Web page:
As for wealth, most games are set such that characters get very wealthy but have a lot of that wealth tied up in magical items.  There is nothing really wrong with this, but once he’s filthy rich, the “selfish treasure hunter” archetype starts to wonder why he’s still risking his neck if it’s just for a better sword and not the earthly pleasures of an opulent lifestyle.

In the end, I think it’s perhaps best to think of adventurers as the fantasy equivalent of an extreme sports fanatic. You might not even need to go that far – maybe a professional sports athlete is a good enough analogy. There aren’t many of them in our society, but some people live to do crazy things for whatever sponsors or money they can acquire. Similarly, there aren’t many adventurers in a fantasy setting, and maybe everyone else from the king to the peasant sees them as nutcases, but basically like what they do.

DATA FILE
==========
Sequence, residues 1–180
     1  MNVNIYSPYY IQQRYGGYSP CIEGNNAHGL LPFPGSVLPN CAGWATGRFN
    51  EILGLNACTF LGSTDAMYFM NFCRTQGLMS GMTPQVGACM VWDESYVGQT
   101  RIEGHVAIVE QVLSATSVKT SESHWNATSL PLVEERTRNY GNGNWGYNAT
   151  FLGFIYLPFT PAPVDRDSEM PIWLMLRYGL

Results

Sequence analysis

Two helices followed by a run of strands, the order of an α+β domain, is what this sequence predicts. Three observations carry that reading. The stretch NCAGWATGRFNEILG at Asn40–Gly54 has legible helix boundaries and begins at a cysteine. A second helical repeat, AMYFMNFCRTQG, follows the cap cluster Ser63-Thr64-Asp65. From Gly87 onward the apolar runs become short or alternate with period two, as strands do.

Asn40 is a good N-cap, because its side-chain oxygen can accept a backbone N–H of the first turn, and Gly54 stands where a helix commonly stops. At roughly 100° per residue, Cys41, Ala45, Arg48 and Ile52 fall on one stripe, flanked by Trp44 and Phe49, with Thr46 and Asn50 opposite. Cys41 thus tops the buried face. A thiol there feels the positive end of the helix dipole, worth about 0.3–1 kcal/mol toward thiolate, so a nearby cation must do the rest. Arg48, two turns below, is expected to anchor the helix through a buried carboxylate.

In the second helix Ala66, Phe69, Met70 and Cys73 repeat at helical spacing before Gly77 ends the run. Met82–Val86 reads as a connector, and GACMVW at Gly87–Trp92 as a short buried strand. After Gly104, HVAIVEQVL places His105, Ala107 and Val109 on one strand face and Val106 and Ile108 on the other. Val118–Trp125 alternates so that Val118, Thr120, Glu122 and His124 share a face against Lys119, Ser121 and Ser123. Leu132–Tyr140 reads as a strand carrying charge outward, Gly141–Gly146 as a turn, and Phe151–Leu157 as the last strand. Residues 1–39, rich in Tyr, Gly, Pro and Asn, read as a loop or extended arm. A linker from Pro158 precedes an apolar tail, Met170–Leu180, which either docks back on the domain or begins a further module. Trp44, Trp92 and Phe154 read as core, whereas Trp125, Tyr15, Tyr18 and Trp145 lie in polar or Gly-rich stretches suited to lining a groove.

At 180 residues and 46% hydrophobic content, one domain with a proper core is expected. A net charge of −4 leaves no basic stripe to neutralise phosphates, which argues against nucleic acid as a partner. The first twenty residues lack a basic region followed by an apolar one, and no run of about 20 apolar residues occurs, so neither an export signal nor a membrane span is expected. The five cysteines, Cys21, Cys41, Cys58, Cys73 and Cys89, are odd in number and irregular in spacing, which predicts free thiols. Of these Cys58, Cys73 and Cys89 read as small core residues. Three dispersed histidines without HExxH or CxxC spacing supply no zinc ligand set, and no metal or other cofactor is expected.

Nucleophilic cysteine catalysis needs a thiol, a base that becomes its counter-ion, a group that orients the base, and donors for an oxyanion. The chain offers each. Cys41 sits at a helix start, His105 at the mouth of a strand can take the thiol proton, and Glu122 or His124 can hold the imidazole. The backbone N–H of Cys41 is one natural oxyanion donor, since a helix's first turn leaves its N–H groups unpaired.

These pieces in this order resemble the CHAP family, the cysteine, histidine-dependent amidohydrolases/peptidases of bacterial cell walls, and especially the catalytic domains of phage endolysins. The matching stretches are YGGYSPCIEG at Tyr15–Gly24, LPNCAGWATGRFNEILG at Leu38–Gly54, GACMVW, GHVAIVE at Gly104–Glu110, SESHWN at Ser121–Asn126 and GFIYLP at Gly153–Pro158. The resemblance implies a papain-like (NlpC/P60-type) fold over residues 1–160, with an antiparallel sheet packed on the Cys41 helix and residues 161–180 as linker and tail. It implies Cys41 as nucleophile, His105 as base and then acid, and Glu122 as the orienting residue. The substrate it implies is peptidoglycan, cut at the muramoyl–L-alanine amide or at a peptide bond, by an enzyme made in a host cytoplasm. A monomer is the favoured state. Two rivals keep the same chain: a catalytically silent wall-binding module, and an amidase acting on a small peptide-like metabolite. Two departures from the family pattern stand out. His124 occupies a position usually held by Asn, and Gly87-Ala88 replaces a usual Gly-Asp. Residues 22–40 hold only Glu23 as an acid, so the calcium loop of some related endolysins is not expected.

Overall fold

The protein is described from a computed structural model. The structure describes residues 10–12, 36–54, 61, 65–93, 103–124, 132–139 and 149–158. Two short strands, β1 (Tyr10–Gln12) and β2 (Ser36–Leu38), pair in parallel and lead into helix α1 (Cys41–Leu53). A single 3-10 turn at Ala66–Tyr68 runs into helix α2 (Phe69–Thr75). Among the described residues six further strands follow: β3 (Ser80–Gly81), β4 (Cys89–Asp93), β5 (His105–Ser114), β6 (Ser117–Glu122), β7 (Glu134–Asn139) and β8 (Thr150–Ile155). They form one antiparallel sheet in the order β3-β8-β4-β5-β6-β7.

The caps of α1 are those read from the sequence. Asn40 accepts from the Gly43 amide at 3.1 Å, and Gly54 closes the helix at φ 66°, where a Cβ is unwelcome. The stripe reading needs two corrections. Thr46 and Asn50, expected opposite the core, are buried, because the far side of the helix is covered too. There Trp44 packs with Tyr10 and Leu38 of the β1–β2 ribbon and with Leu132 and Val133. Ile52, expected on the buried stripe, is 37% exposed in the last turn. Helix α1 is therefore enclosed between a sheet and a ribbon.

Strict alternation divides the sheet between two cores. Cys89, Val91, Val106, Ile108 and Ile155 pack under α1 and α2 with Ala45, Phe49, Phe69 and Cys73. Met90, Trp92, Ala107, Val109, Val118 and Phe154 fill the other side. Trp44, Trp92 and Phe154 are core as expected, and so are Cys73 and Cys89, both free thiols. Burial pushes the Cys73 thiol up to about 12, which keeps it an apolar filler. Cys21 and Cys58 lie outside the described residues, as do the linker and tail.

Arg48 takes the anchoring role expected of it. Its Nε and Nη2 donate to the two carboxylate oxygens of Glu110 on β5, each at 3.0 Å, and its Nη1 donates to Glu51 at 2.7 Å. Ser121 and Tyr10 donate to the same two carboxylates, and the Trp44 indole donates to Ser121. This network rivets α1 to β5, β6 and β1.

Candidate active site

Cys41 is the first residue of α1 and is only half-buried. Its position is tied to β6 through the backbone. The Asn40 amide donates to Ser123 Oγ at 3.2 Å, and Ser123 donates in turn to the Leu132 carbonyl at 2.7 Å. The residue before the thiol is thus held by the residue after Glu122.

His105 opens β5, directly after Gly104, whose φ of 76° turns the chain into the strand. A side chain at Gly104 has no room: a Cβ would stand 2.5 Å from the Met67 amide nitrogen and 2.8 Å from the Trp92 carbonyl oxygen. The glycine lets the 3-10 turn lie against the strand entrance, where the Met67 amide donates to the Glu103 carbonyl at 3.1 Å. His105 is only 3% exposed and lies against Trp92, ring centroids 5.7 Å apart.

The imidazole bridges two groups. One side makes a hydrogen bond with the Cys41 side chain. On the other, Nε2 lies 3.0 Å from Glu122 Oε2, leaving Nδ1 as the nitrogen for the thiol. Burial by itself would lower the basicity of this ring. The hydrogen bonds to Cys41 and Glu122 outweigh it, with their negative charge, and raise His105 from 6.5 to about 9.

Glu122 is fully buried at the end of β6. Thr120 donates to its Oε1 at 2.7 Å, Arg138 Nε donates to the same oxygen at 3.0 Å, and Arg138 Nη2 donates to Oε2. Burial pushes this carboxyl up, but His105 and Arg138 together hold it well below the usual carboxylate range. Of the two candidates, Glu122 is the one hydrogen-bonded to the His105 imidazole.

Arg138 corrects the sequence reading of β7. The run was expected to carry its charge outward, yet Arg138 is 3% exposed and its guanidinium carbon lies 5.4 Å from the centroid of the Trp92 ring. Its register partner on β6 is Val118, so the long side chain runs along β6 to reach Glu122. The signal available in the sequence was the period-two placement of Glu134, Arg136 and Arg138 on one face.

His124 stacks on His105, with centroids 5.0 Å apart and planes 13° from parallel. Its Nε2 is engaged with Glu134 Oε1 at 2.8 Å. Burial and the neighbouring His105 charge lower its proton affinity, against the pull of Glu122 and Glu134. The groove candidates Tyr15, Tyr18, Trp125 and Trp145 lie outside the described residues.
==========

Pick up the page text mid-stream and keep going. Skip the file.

The funny thing to me is that if I met a guy carrying four guns and insisting he was about to go fight evil, I would not think that was a good thing. But to be fair, kobolds have never attacked my village.

New Look, New Life

Welcome to the NEW Save vs. Blog. Yeah, it’s WordPress. I stubbornly refused to use any non-Chuck-produced blog code for years. But I don’t have the time or energy to fully develop a blog codebase. Oh well.

Now the posts can flow! The topics will mostly be D&D, board games, World of Warcraft and Warhammer 40k. A lot will focus on Dungeon Mastering, because I do that every week and it’s fun to talk about, but MMO raiding, modelling and all other manners of gaming will be discussed.

Hooray! Stay tuned!